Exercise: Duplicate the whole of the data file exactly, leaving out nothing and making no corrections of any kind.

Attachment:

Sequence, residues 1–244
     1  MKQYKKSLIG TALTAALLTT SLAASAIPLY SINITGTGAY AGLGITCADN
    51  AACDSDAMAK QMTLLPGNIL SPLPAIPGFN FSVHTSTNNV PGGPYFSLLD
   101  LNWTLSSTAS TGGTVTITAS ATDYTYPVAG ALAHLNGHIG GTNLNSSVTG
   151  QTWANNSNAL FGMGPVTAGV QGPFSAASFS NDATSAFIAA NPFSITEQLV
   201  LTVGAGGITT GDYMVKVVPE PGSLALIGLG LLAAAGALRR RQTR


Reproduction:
Sequence, residues 1–244
     1  MKQYKKSLIG TALTAALLTT SLAASAIPLY SINITGTGAY AGLGITCADN
    51  AACDSDAMAK QMTLLPGNIL SPLPAIPGFN FSVHTSTNNV PGGPYFSLLD
   101  LNWTLSSTAS TGGTVTITAS ATDYTYPVAG ALAHLNGHIG GTNLNSSVTG
   151  QTWANNSNAL FGMGPVTAGV QGPFSAASFS NDATSAFIAA NPFSITEQLV
   201  LTVGAGGITT GDYMVKVVPE PGSLALIGLG LLAAAGALRR RQTR